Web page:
Figure 3.

Schematic representation of montmorillonite clay (MMT).

The T:O:T layers assume a parallel orientation, and the negative electric charge is neutralized by the presence of hydrated positive ions that are in the interlayer region [17]. These clays have high-surface adsorption capacity and catalytic activity in organic reactions. The montmorillonite (MMT) is the most common smectite clay, and the negative charges of the layer arise mainly from substitution of aluminum by magnesium ions in octahedral sites. In addition, the swelling properties, and thermal, chemical and colloidal dispersion stabilities probably are responsible for the extensive use of the MMT clay (ca. 50%) in the polymer clay-derived materials. In this introductory chapter, we will give en passant about the main points about polymers and clays —a fruitful combination.

1.2 Polymer clay materials

A polymer clay material is made by a physical and/or chemical combination of a polymer and synthetic or natural clay. The clay platelets can improve the mechanical, thermal, gas and fire barrier retardancy properties of the polymer. The improvements depend strongly on mechanical and physical dimensions of the clay, the interfacial adhesion between polymer and clay and especially on the aspect ratio of the clay. The aspect ratio of the clay is very important and crucial for many properties in composites, such as electrical, mechanical and thermal properties [18, 19].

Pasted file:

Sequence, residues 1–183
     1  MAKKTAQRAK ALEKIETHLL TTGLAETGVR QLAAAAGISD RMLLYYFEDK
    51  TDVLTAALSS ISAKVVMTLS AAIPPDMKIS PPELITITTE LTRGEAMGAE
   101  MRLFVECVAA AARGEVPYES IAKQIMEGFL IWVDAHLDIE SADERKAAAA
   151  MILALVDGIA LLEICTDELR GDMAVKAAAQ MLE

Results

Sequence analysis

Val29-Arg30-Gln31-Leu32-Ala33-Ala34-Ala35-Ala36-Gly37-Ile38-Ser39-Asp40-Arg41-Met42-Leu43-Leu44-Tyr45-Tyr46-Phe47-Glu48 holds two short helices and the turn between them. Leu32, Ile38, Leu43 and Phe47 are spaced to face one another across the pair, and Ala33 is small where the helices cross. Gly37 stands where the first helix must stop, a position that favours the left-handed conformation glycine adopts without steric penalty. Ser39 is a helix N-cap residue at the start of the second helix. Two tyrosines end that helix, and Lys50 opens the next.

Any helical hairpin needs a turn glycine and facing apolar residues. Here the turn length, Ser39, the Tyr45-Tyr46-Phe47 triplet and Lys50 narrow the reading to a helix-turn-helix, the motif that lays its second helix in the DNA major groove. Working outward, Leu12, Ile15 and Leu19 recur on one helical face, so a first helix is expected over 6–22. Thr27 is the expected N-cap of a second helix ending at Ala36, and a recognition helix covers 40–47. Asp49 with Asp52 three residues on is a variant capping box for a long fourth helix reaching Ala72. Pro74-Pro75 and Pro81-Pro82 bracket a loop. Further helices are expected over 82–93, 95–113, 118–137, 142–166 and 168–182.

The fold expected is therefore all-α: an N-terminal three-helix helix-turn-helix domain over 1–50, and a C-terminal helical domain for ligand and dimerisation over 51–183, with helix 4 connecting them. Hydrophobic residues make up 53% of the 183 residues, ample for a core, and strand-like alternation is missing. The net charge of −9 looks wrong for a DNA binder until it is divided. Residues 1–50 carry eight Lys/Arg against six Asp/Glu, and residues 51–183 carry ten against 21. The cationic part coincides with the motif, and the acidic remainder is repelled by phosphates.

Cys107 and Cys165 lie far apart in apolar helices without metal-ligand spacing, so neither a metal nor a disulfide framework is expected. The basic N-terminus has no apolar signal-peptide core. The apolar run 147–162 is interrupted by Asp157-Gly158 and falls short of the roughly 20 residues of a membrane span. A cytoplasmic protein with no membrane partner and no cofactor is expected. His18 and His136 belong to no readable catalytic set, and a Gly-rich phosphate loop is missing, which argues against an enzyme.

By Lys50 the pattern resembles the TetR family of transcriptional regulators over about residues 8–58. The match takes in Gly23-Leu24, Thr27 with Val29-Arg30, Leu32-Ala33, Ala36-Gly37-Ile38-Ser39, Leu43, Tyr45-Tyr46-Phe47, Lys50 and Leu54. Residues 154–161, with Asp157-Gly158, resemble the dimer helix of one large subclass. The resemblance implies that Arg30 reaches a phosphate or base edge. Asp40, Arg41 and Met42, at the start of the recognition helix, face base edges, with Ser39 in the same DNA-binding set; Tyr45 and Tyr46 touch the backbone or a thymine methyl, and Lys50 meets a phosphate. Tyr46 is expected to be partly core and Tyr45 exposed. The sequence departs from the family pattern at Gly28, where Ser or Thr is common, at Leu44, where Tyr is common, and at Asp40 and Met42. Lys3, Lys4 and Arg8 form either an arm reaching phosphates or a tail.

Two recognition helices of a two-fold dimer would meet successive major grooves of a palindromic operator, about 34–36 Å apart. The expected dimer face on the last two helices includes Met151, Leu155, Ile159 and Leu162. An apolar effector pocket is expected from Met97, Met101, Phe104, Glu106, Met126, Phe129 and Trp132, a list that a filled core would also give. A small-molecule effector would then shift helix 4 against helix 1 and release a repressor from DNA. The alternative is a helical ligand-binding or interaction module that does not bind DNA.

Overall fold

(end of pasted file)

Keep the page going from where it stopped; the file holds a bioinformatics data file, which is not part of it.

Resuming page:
Polymer nanocomposite is defined as a composite material in which at least one dimension of at least one component is in the nanometer size scale (< 100 nm) [20]. In recent years, the nanocomposite research area has created efficient and powerful strategies to upgrade the structural and functional properties of natural and synthetic polymers. Polymer nanocomposites have generated great attention because of superior properties such as strength, toughness and fire resistance far from those of regular micro-composites and comparable with those of metals. The existence of one nanoscale phase tremendously increases the interfacial contact between the polymer and clay. As a consequence, the improvement of the polymer properties, such as mechanical, thermal barrier and flame retardancy, durability and chemical stability, scratch/wear resistance and biodegradability, as well as optical, magnetical and electrical properties, has been observed [21, 22, 23, 24]. Recent investigations using continuum mechanics modeling show that the enhancement of nanocomposites properties is highly dependent on the peculiar features of nanofiller material, in particular, its content, aspect ratio and the ratio of filler mechanical properties to those of the matrix [25].